Castro's New Year revolution still stands 45 years later

It was New Year's Day 1959, that the victorious revolutionary forces of Fidel Castro swept into power in Cuba. That was 45 years ago and today makes Mr. Castro, who was then 31 years old, the world's longest-serving dictator.

During that time, the United States has had 10 presidents: Eisenhower, Kennedy, Johnson, Nixon, Ford, Carter, Reagan, Bush I, Clinton, and Bush II. All of these except Mr. Carter tried everything they and their CIA directors could think of to bring Castro down, but to no avail. Presidents come and go; Castro is still there, and past retirement age for most people.

Carter tried a different approach, again to no avail. In the absence of diplomatic relations, he made an agreement with the Cubans that each country would maintain an interests section in the other. These interests sections would do the work ordinarily done by embassies. Their establishment was supposed to be the prelude to the reestablishment of full diplomatic relations. Alas, Carter's plan was not allowed to run its full course. Sustained by Soviet money, the Cubans sent troops to Angola to help the pro-Soviet side in that civil war. The interests sections remain, but the next step has not been taken.

Castro came to power resolved to transform Cuba and with mixed feelings toward the US. The transformation was based on a series of social reforms and welfare programs. These were startlingly successful and are a major cause of Castro's enduring popularity. They emphasized public health, education, and housing, and were carried out despite difficulties resulting from the US embargo. Public health dramatically improved. Literacy rates soared. Slums disappeared as new apartments sprang up. Huge estates were seized and divided in a land-reform program.

When Americans think about Cuban independence, they think of themselves as liberators through the 1898 war with Spain.

Cubans, on the other hand, think that that war was a way for Americans to steal the Cuban struggle for independence led by their national hero, Jose Marti. They think they would have won their independence without American help. They see their defiance of the US as an assertion of their independence.

In its early days, the Revolution had a puritanical streak. It closed the casinos, which had been a magnet for American tourists but which also brought mafia interests to the island. It suppressed prostitution. In the surviving nightclubs, it put showgirls in more modest costumes. The revolution saw these steps as necessary to end what it saw as morally corrupting influences from the US.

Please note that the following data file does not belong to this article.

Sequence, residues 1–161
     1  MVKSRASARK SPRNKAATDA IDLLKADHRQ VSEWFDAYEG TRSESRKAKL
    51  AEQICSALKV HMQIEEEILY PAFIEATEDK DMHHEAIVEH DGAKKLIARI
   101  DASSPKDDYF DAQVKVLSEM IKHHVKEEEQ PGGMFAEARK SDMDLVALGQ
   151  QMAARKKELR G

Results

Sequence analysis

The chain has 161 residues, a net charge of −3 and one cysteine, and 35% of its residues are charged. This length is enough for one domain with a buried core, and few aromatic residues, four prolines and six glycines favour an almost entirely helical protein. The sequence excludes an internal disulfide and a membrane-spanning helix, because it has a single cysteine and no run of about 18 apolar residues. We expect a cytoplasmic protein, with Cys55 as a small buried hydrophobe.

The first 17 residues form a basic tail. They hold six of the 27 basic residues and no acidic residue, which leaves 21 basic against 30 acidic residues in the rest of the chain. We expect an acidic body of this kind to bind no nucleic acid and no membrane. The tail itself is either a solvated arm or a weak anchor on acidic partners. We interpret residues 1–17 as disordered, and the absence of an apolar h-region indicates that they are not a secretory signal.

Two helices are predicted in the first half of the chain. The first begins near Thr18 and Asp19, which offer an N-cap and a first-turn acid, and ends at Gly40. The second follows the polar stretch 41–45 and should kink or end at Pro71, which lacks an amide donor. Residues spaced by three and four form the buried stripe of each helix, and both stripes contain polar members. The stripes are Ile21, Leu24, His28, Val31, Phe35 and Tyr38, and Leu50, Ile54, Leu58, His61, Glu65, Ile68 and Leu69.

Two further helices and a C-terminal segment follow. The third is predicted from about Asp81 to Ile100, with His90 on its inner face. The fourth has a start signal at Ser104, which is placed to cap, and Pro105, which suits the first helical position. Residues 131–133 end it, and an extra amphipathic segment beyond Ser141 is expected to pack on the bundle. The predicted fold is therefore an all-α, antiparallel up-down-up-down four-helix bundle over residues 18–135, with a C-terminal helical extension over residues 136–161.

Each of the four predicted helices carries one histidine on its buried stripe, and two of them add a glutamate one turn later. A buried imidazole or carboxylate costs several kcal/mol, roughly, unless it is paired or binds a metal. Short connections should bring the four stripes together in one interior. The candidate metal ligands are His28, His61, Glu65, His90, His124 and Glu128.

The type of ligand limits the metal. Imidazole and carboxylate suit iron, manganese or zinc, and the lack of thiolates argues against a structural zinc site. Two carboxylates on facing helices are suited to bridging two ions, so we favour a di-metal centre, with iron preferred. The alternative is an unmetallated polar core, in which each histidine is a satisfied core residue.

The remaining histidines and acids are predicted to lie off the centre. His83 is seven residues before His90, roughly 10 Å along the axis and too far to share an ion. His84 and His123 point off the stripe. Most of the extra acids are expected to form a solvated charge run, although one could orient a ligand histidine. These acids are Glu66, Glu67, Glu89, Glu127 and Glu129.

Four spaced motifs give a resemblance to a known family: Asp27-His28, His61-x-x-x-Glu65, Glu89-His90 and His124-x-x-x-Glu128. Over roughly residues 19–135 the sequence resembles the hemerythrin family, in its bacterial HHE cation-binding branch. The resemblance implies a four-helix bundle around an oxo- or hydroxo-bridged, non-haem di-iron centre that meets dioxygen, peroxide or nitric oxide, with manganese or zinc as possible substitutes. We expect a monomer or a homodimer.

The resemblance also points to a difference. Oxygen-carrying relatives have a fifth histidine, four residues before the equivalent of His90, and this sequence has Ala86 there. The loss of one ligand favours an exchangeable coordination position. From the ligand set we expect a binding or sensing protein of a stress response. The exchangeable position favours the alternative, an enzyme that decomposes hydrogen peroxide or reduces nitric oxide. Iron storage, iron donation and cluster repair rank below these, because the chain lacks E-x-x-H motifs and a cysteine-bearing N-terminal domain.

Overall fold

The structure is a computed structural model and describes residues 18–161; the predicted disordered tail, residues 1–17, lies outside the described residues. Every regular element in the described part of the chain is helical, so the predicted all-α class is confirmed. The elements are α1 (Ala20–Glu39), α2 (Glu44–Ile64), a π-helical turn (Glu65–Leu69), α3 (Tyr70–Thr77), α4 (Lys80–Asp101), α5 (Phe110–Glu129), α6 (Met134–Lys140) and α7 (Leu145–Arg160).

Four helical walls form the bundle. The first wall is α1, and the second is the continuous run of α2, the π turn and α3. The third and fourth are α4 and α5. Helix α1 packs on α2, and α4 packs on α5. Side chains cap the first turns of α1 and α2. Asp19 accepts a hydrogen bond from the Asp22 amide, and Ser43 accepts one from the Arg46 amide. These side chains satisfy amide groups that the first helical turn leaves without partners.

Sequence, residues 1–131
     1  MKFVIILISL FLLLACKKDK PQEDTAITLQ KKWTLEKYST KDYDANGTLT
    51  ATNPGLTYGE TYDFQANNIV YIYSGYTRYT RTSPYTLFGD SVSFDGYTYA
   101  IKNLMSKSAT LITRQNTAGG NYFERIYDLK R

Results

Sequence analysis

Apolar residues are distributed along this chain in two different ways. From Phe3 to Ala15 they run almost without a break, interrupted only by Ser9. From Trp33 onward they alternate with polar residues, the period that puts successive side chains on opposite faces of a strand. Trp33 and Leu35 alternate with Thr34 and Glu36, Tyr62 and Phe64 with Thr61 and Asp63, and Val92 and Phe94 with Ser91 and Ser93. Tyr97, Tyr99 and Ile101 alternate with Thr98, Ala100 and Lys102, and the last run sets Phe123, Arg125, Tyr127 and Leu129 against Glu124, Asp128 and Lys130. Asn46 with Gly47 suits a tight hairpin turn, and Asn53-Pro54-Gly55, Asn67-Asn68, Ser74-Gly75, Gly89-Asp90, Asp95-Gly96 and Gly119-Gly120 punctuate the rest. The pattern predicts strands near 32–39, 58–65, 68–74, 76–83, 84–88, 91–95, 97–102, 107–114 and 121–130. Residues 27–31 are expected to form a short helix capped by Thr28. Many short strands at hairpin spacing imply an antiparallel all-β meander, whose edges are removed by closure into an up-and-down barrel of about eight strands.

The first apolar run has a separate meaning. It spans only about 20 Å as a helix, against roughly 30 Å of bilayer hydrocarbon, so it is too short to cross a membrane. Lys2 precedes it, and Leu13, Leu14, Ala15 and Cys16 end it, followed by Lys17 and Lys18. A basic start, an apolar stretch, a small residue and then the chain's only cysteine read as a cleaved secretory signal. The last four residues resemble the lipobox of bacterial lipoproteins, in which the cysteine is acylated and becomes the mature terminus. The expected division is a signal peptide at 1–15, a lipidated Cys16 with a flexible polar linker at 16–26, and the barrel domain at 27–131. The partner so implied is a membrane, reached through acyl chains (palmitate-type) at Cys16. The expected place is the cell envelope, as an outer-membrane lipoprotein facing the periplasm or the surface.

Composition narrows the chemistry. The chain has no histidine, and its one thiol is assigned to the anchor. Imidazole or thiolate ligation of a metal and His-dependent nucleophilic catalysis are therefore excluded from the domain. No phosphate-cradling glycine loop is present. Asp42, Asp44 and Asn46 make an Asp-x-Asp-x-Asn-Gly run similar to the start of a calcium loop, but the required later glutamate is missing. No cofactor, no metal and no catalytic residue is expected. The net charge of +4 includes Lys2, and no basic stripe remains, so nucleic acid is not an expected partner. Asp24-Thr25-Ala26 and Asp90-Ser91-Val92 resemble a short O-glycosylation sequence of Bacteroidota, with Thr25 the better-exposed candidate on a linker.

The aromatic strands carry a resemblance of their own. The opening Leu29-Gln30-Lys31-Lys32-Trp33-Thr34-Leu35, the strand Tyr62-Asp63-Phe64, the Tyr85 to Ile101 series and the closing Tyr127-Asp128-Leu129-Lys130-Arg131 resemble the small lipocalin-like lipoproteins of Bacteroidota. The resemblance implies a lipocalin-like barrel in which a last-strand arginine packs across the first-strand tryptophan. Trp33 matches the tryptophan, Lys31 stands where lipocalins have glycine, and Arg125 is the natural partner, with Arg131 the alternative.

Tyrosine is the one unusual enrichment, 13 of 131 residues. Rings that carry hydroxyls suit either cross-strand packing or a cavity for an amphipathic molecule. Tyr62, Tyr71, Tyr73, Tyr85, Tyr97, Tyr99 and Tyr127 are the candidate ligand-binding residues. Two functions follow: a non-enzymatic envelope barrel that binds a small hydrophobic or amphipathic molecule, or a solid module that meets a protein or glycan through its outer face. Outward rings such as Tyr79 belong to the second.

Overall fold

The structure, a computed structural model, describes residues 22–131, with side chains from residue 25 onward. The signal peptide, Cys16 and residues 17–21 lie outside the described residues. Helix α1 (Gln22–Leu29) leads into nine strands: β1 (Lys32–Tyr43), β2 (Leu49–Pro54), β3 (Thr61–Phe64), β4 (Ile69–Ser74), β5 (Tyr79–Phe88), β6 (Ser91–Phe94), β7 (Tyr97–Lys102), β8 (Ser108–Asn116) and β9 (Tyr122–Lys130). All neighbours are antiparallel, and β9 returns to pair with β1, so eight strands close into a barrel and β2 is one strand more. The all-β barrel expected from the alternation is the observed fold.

On the other hand, Cuba is an island of baseball fanatics, and Cubans generally yearn for the return of Americans, with Cuban-American relations on a different basis.

From the beginning, there was dispute over Castro's ties to the Soviet Union. Castro denied the existence of such ties, but took a series of steps against US business, property, and other interests in Cuba. In February 1960, President Eisenhower approved CIA training for the Cuban exiles who would eventually invade the Bay of Pigs. In November of that year, the US embargoed exports to Cuba. The embargo endures to this day. Later US efforts to tighten the noose tried to extend US law to third countries, moves that were largely ineffective.

In 1961, Castro affirmed his long-suspected ties to the Soviet Union. From then until the end of the cold war, Soviet aid to Cuba was estimated in the West to be about $3 billion to $4 billion a year. With the end of Soviet aid, Cuba instituted a dual-track economy. One track has been for tourists, mainly from Europe and Canada, spending hard currency, including dollars; the other track was for Cubans without hard currency. The hardships this causes Cubans have been somewhat alleviated by remittances from relatives among the huge Cuban population in the US.

This population is rabidly anti-Castro, and their political muscle is one of the main restraints on a rational US policy toward Cuba. The Bush administration has an ideological commitment to establishing a democratic Cuba, just as it has to establishing democracy in Afghanistan and Iraq.

The fact is that with the single exception of the short-lived emplacement of Soviet missiles on the island, the Castro revolution has been more a nuisance than a threat to the US. As Senator Fulbright wrote to Kennedy in a memo arguing against the Bay of Pigs, Cuba is a thorn in the flesh; it is not a dagger in the heart.

Pat M. Holt was on the staff member of the Senate Foreign Relations Committee for 29 years. He wrote the memo that Senator Fulbright gave to President Kennedy opposing the Bay of Pigs invasion.

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